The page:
Chipotle Mexican Grill Inc. (NYSE:CMG) has suffered another suspected illness outbreak at one of its restaurants. A “small number” of illnesses were reported at a location in Sterling, Virginia, outside Washington, D.C.
It was not clear how many people became sick or whether they were customers or employees. Reports indicate that at least 13 people fell sick after eating there on Friday or Saturday. That location has since been closed.
Jim Marsden, Chipotle’s executive director of food safety, says that the company is working with health authorities to determine the cause of the outbreak. Chipotle hired Marsden to oversee its food-safety efforts in 2016. Marsden said, “In accordance with our established protocols, our team is working to ensure the safety of our customers and employees, including voluntarily closing the restaurant yesterday to conduct a complete sanitation.”
Those that became ill reported symptoms such as vomiting, diarrhea, severe stomach pain, dehydration, and nausea. Marsden said in an emailed statement, “The reported symptoms are consistent with norovirus.”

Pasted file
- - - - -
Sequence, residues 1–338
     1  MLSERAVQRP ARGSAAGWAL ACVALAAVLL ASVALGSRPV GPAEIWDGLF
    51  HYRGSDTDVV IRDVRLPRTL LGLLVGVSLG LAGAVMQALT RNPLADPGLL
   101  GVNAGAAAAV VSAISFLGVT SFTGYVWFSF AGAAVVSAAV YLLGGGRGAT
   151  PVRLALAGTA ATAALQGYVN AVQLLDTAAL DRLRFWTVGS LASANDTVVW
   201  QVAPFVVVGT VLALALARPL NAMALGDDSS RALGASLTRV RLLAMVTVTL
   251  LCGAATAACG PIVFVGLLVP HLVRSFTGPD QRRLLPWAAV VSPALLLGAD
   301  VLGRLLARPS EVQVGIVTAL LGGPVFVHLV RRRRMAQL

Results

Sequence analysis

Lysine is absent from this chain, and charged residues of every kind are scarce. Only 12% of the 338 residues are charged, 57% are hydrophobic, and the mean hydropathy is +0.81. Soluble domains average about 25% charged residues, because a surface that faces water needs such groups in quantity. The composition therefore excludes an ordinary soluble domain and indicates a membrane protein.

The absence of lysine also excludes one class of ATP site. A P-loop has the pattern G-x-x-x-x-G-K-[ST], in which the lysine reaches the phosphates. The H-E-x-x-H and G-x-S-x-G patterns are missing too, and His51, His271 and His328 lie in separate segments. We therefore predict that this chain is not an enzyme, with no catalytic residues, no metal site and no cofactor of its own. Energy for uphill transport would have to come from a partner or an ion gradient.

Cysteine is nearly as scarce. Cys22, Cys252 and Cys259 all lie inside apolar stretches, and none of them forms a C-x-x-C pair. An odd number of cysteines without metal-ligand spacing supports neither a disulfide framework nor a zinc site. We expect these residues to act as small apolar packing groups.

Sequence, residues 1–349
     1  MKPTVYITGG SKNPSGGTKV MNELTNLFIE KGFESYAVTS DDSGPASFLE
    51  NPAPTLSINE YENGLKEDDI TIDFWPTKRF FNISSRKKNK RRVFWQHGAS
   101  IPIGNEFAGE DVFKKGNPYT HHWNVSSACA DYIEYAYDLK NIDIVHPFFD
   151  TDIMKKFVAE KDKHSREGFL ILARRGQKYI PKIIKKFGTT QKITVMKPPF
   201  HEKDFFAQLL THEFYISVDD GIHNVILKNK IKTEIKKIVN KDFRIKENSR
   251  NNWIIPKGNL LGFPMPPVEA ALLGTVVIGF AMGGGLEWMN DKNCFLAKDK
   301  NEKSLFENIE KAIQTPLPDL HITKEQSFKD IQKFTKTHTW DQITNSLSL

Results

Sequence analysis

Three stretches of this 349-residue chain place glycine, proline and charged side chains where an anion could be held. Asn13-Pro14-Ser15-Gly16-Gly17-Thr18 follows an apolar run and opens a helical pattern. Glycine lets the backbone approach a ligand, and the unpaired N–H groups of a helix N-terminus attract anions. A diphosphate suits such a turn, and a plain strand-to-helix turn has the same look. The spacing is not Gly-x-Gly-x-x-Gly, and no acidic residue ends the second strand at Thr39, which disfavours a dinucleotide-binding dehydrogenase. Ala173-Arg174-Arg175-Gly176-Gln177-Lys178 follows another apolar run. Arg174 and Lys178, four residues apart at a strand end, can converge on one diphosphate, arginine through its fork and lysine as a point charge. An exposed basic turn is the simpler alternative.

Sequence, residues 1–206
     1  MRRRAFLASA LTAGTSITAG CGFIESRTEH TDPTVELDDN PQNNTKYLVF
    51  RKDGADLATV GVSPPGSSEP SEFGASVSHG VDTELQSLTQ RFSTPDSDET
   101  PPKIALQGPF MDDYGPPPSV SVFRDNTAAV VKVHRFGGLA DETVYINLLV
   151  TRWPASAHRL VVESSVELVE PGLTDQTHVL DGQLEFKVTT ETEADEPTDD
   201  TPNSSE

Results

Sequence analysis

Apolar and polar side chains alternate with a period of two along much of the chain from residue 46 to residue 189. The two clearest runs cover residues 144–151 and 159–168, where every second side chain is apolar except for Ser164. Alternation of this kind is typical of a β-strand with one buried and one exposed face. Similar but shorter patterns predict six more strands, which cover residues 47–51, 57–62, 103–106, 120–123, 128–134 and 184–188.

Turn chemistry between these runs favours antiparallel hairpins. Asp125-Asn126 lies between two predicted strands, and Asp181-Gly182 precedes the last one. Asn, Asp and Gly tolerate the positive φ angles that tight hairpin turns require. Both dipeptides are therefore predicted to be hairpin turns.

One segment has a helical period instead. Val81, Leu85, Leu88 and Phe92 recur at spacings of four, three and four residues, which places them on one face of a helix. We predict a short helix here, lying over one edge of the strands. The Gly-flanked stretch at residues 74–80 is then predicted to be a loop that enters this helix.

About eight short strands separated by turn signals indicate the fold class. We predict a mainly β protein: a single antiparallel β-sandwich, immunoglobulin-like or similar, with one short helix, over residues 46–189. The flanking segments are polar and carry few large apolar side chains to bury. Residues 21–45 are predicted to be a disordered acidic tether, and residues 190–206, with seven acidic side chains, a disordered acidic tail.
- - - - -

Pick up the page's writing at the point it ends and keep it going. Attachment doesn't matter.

Norovirus cases aren’t rare. It’s the most common cause of foodborne illnesses in the U.S. Roughly 20 million Americans are sickened each year by the illness. The norovirus virus is typically spread from one person to another, but can also be transmitted by consuming contaminated food or water. It can spread quickly in closed places like daycare centers, nursing homes, schools, and cruise ships.
After the release of the information, the company saw its worst stock decline in seven months. The stock fell as much as 7.6 percent, marking the biggest intraday drop since December. It had been up 3.9 percent this year through Monday’s close.
Chipotle’s past problems have put health incidents at the chain under intense scrutiny. The company suffered a series of foodborne-illness outbreaks at the chain in 2015 that sickened hundreds of customers across about a dozen states. The outbreaks sent Chipotle’s sales and stock price plunging.
Since then, the burrito chain has returned to profitability and its same-store sales have begun moving in a positive direction. However, its recent successes have been overshadowed by a data breach, overtime pay lawsuits, and drug charges being brought against a senior manager.